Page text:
St. Louis-based smart home technology consultant and Origin Acoustics executive, Joe Whitaker, sees a fair mix of singles and couples with man space projects, he wrote in an email on this topic. For the men in relationships, especially those with children, it’s often about meeting deferred needs. “A good number of these happen as children reach the end of elementary school, or as a marriage reaches 10 to 15 years. These man caves tend to be an escape where they can thrive amongst things they have typically given up for a decade, but sorely miss,” he shared.
In cases like these, Singley suggests a communication-first strategy for the cave-seeker: “Lead by talking about his partner’s needs. Then frame having a personal, private space as a need, not just a frivolous want – and be able to talk about the feelings and meanings that go along with having that type of space.” Research has shown that by first fostering empathy and understanding, people are more likely to find common ground, the psychologist wrote. “The trick is to stay engaged in a way that’s fair to all sides.”
“For the single man,” Whitaker added, “the man cave typically is an entertaining space where there live things that can be shared with others. And with all that extra expendable income with no spouse or children, the single man’s cave tends to be a little flashier.”
His work enables the technology that delivers the crispest video images in the right light and with the richest musical notes. It keeps the room at the optimum temperature and humidity for wine, cigars and art preservation, as well as for occupant comfort. It safeguards security and privacy.
The Social Cave
“Guys have consistent wish lists,” Enfinger said, but he has seen some trends emerge. “In recent years, the shift has been to bars. Whether wine or spirits, (in our area it is bourbon), wet bar or dry, the focus remains on spaces that foster connection. I think that is the most common thread in the themes and purpose for the spaces. It is always around entertainment.”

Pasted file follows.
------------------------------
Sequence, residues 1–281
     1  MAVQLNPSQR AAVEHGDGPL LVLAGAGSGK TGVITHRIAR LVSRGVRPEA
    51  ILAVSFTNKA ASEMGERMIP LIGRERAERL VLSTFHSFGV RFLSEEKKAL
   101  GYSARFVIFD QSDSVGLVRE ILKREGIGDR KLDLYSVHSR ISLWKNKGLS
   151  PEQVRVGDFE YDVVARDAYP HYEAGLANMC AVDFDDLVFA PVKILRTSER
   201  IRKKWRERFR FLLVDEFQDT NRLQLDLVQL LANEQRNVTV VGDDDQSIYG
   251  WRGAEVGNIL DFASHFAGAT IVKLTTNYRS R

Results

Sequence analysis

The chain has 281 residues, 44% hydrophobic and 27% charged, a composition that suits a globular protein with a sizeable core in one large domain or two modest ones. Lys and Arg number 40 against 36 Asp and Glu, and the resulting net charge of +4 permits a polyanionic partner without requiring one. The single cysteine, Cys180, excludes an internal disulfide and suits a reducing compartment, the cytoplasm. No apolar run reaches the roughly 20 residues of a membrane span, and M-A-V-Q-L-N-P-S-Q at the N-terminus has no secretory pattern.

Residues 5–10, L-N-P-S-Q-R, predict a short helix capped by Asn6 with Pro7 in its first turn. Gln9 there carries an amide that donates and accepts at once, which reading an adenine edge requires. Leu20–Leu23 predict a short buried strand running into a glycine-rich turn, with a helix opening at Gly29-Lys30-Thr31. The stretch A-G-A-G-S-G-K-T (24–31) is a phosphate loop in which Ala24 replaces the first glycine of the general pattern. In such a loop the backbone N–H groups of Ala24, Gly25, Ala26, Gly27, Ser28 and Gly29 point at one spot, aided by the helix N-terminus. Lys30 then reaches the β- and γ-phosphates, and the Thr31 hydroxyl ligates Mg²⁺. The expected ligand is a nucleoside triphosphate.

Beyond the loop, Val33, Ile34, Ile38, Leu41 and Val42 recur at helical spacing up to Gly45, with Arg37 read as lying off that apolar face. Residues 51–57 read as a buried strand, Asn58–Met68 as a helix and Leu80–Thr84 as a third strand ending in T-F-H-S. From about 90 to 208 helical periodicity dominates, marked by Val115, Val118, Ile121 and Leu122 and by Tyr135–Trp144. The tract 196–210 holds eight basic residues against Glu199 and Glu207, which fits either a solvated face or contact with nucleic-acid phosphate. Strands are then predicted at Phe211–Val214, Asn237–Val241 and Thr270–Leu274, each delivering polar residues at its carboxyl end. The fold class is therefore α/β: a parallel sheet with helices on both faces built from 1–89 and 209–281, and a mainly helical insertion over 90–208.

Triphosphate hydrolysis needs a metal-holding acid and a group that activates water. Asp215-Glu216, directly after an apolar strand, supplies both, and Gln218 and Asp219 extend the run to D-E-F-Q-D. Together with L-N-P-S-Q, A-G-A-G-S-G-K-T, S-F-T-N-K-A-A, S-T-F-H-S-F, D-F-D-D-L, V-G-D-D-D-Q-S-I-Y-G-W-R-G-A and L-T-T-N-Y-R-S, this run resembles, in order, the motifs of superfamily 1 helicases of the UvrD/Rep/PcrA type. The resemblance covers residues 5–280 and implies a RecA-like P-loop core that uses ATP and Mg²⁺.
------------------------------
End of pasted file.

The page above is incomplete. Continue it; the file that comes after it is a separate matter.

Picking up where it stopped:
“The whole project may not be focused exclusively on the bar, but one is always present. TVs and an emphasis on sports are also ubiquitous,” he commented. “Sports are a fantastic way to connect with friends and family that share a passion for a particular team or sport.”
Creating a bar at home, especially one with sports viewing, enabled socializing during Covid shutdowns across the country, and has become a major home design trend. “They are always designed to serve multiple people,” rather than enjoying exclusively on one’s own, the contractor commented. “It is an okay experience to smoke a cigar alone, but sipping a delicious whiskey while puffing on a nice cigar with friends can be a great bonding experience! That is what our clientele craves, an opportunity to spoil a friend or five with a nice whiskey and a cigar,” Enfinger added.
“The biggest change over the years is that the focus on a theatre room that rivals a big movie theatre has declined in most situations,” he disclosed. “Only the largest budgets can afford both a lavish theatre and a tricked-out bar. The cave dwellers have had to make some tough choices over the years,” he mused, “and pragmatism is winning the day with a beautiful and tricked-out bar with a sufficient media experience included.”
Though they derive their name from the caveman stereotype, man caves often turn cave-like basements into attractive, useful home spaces. “This underutilized square footage is continually calling out for improvement,” Enfinger commented. For those who live in colder areas and forced indoors for a portion of the year, the basement man cave keeps socialization going throughout the year when it’s too cold for most people to gather outside.